Airbus takes off towards a future of zero emission aircraft thanks to hydrogen

The aeronautical company has announced its participation in a project to develop zero-emission aircraft thanks to the use of this

The Airbus aeronautical consortium has announced a partnership agreement with CFM International, owned equally by GE and Safran Aircraft Engines, in order to work together on an aircraft development program whose engine would work with hydrogen combustion. This project, which would make it possible for the first time in history to achieve aircraft with zero emissions thanks to hydrogen, is part of a time frame that would end in 2035, the date on which the first aircraft of this type is expected to be put into service.

To this end, Airbus has reported that the combustion engine prototype, whose tests will take place on the ground and in flight, will be developed on the design of an A380 that is part of the company’s flight test bench and is equipped with tanks of liquid hydrogen. Thus, it will be the company itself that defines the hydrogen propulsion system requirements, supervises the flight tests and provides the A380 platform for the prototype engine test.

For its part, CFM International will modify the combustion chamber, fuel system and control system of a GE PassportTM turbofan engine to adapt it to this type of sustainable fuel. For the feasibility of the project, CFM International will carry out an intensive program of ground tests before being able to start flight tests of the A380.

This announcement is part of a moment of total disruption in the sector, which is facing the enormous challenge of achieving a transition towards a sustainable model. Something that both CFM and Airbus have put on record through their support for the Air Transport Action Group last October 2021, setting the challenge of achieving an aviation sector with net zero carbon emissions aircraft by the year 2050.

How do current aircraft engines work?
The aeronautical sector is one of the human activities where more demand and rigor is demanded when it comes to manufacturing the parts that are part of an aircraft, but is the reason why such a heavy machine is capable of to take flight? The reality is that yes, but, like everything in this life, it has a rational and simple explanation.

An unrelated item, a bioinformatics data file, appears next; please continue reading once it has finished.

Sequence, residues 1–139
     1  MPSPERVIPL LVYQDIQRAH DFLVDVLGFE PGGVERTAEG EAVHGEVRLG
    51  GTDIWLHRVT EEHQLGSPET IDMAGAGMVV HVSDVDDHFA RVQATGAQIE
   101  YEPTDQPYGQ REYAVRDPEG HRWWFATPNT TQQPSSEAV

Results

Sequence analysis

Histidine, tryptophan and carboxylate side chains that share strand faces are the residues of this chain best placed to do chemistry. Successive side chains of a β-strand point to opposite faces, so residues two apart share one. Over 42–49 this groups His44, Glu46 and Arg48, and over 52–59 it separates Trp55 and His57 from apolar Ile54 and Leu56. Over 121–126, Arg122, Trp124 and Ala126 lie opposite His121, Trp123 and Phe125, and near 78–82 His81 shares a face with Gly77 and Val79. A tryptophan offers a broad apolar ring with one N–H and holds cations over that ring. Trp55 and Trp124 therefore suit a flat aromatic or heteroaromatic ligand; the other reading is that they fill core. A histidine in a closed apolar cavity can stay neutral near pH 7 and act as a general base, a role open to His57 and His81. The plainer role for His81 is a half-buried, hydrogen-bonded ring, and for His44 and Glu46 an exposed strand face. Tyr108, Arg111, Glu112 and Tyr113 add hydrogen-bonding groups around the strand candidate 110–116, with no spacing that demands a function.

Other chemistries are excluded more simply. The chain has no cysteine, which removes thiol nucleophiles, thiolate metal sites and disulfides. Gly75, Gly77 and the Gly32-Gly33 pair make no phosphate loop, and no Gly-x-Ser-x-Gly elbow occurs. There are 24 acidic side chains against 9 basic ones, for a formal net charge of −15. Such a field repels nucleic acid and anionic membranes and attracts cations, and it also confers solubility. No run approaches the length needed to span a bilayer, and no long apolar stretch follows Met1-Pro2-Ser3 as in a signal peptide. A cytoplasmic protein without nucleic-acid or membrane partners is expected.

Imagine that we take a balloon filled with air and we loosen the knot. What’s the score? That the air trapped inside the balloon seeks to exit, abruptly, through the open end of the balloon, so our colored balloon will shoot out in any direction. Yes, dear reader, this is how the jet engine of an airplane works, by means of the impulse of a current of air that comes out through the end of the engine. This has little to do with the aforementioned zero emission aircraft. Well, let’s continue.

By now, you may have realized that it’s a bit more complex than this, and that if we want to know why an airplane flies, we have to dig a little deeper. Here we go.

The big blocks of a jet engine
A conventional jet engine is divided into four main blocks: intake, compression, combustion and exhaust.

At the front (intake), a large propeller sucks in the air and drives it both inside the engine and outside, surrounding the turbine core. It is through this core, located, how could it be otherwise, right in the center of the engine, where the air moves towards the compressor.

Do you remember our beloved balloon? Well, just like when you press it, the air that reaches the compression zone is brutally pressed, passing to the combustion chamber, where it mixes with the engine fuel. Imagine a great current of hot air colossally expanding in an airtight chamber, creating a high-velocity jet that is projected towards the rear of an aircraft’s engine as it takes off, never better said, forward.

The higher the speed, the greater the thrust force of the motor. At that time, where the temperature of our jet engine reaches 1,500 degrees Celsius, almost nothing, right? The parts demonstrate the quality and demand to which they are subjected. Nothing can go wrong.

The jet of hot air also spins the plane’s turbine, which is connected to the front of the engine by a shaft. As if it were a windmill. Think that each blade of this high pressure turbine pushes with a force similar to that of a Formula 1 car.

The excess hot air leaves at high speed through the rear part of the engine (exhaust), generating the energy necessary for the plane to reach its destination on time. This is how an airplane flies.

If after all, you still haven’t figured out how a jet engine works, don’t worry. Surely this video will clarify your doubts: